The first time President Donald Trump and presumptive Democratic presidential candidate Joe Biden steal the national spotlight is nearly two months away. In recent weeks, polls revealed Trump’s support has taken a tailspin, with voters disappointed in his handling of the coronavirus pandemic and the deepening economic crisis.
The debate, expected to take place on Sept. 29 at the University of Notre Dame in Indiana, according to the Commission on Presidential Debates, might be Trump’s only chance to convince Republican voters who’ve abandoned him, to unite with the party again, while also picking up key swing voters in the hopes of getting back into contention. But, some experts say that presidential debates can’t swing an entire election.
“On this basic question, which is ‘do debates actually affect who people vote for,’ there’s very little evidence that debates do just that,” Dr. Ethan Porter, author and professor at George Washington University, told the Niskanen Center’s “Science of Politics” podcast. “And there’s good reason to believe given the mounds of research on small media effects that any single debate in any single post-debate coverage isn’t likely to affect most voters attitudes.”
Porter said that post-debate commentary also doesn’t have much of an effect on the decision of the voter, according to an experiment he conducted in 2016. He “incentivized” some participants to watch Fox News and others to watch MSNBC. Porter discovered that MSNBC viewers “were significantly more favorably inclined toward Hillary Clinton,” while those that watched Fox supported Trump. But, the study concluded that different types of news coverage had little direct impact on vote choice.
Debates do matter, but they can’t change the outcome of a whole election.
“Though reporters often look for a winner and loser, viewers experience the debate differently, making two simultaneous judgments - one, whether or not the candidate seems ‘big enough’ to be president and two, whether one of the candidates is a better choice,” Denise-Marie Ordway and John Wihbey wrote for Harvard University Kennedy School’s Journalist’s Resource.
They pointed out debates tend to boost voter knowledge and confirm party positions.
The first presidential debate will show Trump and Biden go head-to-head on a number of ideological issues. It’ll give voters a chance to see how they operate under pressure and how certain applause lines and statements can impact a viewers’ judgement.
“The debates are only one communications data point in the campaign - taking place amid a sea of ads and other cultural conversations - and are difficult to disentangle from other dynamics,” Ordway and Wihbey wrote.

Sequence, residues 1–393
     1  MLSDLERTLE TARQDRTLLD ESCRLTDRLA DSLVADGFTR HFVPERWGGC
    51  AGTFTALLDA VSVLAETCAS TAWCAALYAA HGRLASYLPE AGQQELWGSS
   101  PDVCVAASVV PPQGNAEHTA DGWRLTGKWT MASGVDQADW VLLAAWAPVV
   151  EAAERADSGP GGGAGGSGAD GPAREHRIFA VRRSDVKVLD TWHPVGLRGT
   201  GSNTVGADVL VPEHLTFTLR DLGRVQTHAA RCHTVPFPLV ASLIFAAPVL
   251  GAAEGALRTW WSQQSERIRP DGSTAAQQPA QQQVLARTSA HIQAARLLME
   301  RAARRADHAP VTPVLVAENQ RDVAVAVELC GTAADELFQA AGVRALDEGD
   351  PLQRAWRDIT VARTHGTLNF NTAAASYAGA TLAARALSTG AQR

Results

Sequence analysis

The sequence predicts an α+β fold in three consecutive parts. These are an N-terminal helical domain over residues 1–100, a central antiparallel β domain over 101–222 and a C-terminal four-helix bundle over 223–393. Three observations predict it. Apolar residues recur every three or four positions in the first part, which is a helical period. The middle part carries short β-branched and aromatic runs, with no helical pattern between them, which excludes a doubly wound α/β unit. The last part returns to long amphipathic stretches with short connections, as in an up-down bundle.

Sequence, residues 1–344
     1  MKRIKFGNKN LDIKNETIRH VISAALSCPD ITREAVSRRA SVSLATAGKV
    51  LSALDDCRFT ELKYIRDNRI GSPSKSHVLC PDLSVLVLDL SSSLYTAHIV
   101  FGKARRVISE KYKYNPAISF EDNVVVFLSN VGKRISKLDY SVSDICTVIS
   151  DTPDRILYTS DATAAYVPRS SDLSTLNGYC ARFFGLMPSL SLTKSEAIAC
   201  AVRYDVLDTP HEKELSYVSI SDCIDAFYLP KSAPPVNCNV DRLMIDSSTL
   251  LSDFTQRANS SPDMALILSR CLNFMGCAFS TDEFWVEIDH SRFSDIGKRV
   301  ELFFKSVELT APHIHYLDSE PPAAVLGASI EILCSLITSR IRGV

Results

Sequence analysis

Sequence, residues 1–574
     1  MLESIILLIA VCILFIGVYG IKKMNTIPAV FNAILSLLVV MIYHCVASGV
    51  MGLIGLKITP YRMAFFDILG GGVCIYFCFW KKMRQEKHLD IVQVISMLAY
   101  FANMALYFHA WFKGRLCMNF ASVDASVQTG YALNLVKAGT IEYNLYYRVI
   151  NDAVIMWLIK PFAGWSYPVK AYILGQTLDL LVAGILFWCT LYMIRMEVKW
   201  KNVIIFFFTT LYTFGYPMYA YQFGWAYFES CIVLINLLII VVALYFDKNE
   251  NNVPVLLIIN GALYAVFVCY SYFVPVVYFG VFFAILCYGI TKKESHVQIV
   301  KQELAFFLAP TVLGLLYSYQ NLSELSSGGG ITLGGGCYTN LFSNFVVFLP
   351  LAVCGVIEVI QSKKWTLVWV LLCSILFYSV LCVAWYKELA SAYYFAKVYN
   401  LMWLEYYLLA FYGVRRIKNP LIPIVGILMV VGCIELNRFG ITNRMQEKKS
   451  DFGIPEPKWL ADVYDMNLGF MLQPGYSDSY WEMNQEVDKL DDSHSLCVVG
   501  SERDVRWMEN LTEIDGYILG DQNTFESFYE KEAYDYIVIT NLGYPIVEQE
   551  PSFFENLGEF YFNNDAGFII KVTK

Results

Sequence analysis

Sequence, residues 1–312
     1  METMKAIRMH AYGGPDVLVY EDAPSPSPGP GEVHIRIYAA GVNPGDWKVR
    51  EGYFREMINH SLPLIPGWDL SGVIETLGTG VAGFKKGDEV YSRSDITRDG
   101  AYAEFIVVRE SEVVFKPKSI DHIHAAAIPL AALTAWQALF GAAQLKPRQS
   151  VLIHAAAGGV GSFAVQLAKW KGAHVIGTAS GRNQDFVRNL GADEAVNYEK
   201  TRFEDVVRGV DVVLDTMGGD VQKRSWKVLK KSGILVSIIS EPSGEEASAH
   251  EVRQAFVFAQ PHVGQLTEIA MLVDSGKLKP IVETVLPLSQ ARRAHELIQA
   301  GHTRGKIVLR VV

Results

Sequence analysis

A series of debates may strengthen Trump’s current support base, but, according to experts, his performance on stage probably won’t increase his chances of winning the elections.
October will be flooded with debates, as Trump, Biden and their VPs take the stage and speak to a national audience.
The University of Michigan was supposed to host the second debate on Oct. 15, but recently announced that due to COVID-19, it’ll no longer welcome the candidates to its campus. University president Mark Schlissel said, “Given the scale and complexity of the work we are undertaking to help assure a safe and healthy fall for our students, faculty and staff and limited visitors - and in consideration of the public health guidelines in our state as well as advice from our own experts - we feel it is not feasible for us to safely host the presidential debate as planned.”
The third debate is expected to take place at Belmont University in Tennessee. There will also be a vice presidential debate in early October.
After months of rejecting to participate in the debates, Trump officials are now proposing a fourth one. Trump’s team believes, the “more he talks, the better off we are,” referring to Biden.
Trump officials see debates as an advantage to ramp up lost support in the polls, but the president wants a strong say in who’s moderating them.
“We want fair debates. We want them sooner, and we want a bigger schedule. We also don’t want them up against football games competing for viewers. As many Americans as possible need to see the stark differences between the accomplishments and leadership of President Trump and the failed record and sleepiness of Joe Biden,” Brad Parscale, Trump’s former campaign manager who was recently demoted, said.
Rachel Bucchino is a reporter at the National Interest. Her work has appeared in The Washington Post, U.S. News & World Report and The Hill.